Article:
We are interested in determining your opinions on a number of characteristics for several stores. Please indicate your opinion of each store on each attribute by checking the appropriate space. A short description of these characteristics precedes each section.

A. Quality of Merchandise--This refers only to the materials used in the manufacture of the garment and the garment's construction without any reference to price, fashionability, or any other factors.

B. Price--This should be considered in terms of value for money spent. [Price is referred to as the value attribute in the report.]

C. Quality of Store Personnel--Under this heading you should consider such factors as helpfulness, friendliness, promptness, courtesy, and any other interpersonal dynamic that is important to you.

D. Store Atmosphere--Store atmosphere includes the store's cleanliness, lighting, interior design, background music (if any), and floor plan.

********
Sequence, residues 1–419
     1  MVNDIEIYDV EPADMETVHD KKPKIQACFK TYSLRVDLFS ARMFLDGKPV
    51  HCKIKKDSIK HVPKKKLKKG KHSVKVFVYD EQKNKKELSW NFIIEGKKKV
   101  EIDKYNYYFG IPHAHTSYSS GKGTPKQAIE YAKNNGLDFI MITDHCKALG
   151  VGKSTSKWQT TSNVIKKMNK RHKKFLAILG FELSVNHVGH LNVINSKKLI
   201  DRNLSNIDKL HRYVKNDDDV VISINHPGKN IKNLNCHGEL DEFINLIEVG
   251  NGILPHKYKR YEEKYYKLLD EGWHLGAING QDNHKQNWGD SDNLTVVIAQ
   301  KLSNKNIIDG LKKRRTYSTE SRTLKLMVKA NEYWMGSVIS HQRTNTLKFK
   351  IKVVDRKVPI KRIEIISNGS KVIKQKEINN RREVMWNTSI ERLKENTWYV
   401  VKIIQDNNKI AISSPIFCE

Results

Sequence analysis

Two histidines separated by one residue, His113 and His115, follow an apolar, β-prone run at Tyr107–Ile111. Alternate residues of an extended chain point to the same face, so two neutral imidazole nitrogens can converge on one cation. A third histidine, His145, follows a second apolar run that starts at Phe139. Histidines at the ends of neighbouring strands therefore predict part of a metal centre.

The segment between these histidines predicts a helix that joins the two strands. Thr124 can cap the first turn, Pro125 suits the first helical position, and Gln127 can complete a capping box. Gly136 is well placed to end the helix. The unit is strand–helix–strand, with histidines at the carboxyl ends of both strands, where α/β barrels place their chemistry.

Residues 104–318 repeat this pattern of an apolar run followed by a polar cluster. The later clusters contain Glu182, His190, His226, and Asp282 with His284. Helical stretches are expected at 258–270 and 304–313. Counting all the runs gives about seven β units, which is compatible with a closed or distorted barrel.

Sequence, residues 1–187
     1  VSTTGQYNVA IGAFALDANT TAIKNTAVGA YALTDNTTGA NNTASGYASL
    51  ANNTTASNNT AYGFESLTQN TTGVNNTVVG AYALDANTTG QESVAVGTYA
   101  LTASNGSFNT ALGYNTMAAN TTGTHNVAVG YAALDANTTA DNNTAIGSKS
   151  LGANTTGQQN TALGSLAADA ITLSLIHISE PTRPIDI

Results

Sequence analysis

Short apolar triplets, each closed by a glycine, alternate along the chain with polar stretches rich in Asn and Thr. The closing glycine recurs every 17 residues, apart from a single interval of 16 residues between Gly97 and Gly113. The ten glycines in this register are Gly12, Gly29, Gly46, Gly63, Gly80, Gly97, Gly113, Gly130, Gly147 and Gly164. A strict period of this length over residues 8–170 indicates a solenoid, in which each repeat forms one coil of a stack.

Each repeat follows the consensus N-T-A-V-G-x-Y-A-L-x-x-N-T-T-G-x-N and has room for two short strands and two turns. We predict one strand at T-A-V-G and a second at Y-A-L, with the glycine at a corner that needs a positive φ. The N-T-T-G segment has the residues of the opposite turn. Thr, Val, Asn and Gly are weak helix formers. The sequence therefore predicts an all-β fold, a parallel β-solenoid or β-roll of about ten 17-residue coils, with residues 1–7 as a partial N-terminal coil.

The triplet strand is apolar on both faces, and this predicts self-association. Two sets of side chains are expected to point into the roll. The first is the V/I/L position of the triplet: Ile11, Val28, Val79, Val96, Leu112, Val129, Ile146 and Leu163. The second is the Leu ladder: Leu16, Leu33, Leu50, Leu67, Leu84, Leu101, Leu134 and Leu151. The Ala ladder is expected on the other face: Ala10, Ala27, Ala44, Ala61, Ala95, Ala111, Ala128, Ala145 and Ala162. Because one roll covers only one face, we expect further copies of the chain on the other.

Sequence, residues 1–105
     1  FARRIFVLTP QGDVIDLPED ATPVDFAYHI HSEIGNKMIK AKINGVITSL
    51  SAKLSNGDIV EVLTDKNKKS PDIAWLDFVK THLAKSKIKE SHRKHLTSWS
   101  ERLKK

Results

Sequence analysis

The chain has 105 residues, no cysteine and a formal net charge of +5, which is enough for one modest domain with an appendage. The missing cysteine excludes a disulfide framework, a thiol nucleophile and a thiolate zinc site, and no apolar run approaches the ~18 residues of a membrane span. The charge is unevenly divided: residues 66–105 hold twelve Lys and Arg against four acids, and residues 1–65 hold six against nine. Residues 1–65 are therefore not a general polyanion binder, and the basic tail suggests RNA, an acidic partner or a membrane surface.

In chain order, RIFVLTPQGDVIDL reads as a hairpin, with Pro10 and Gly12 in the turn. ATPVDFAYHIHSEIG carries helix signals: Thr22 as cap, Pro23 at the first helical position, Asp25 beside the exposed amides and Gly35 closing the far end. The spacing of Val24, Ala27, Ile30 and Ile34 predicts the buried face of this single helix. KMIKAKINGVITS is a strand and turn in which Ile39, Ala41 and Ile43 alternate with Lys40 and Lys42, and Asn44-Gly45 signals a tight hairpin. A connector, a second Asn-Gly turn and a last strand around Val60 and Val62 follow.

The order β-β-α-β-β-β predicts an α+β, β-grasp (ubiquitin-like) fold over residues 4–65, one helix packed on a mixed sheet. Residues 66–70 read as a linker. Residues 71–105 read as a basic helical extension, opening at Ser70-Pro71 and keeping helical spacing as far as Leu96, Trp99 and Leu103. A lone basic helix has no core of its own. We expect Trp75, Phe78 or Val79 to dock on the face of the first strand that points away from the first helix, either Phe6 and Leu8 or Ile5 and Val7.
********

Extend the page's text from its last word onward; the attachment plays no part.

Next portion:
E. Appeal of Advertising--In answering this question, you might consider whether or not the store's ads attract your eye in a newspaper or magazine as well as whether the ads are likely to result in your visiting the store in question.

F. Convenience of Location--(Consider branch stores when appropriate) In this category consider such factors as traffic, parking, proximity to public transportation, how frequently you find yourself in the area where the store is located, and so forth.

G. Customer Services--Customer services include credit availability and terms, return or exchange policies, alterations, rest room facilities, in-store restaurants, or any other particular service that you consider important.

H. Fashionability of Merchandise--In determining the fashionability of a store's merchandise, ask yourself whether the store carries merchandise that you like, not whether the store's merchandise could be featured in a fashion magazine.

Five response categories were provided for each store on each of the above beliefs: "Outstanding," "Highly Acceptable,'' "Acceptable," "Somewhat Acceptable," and "Unacceptable." These were subsequently coded 4 to 0 respectively.


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Nell E. Beckwith, University of Pennsylvania (Ph.D. Candidate), University of Pennsylvania
U. Victor Kubilius


NA - Advances in Consumer Research Volume 05 | 1978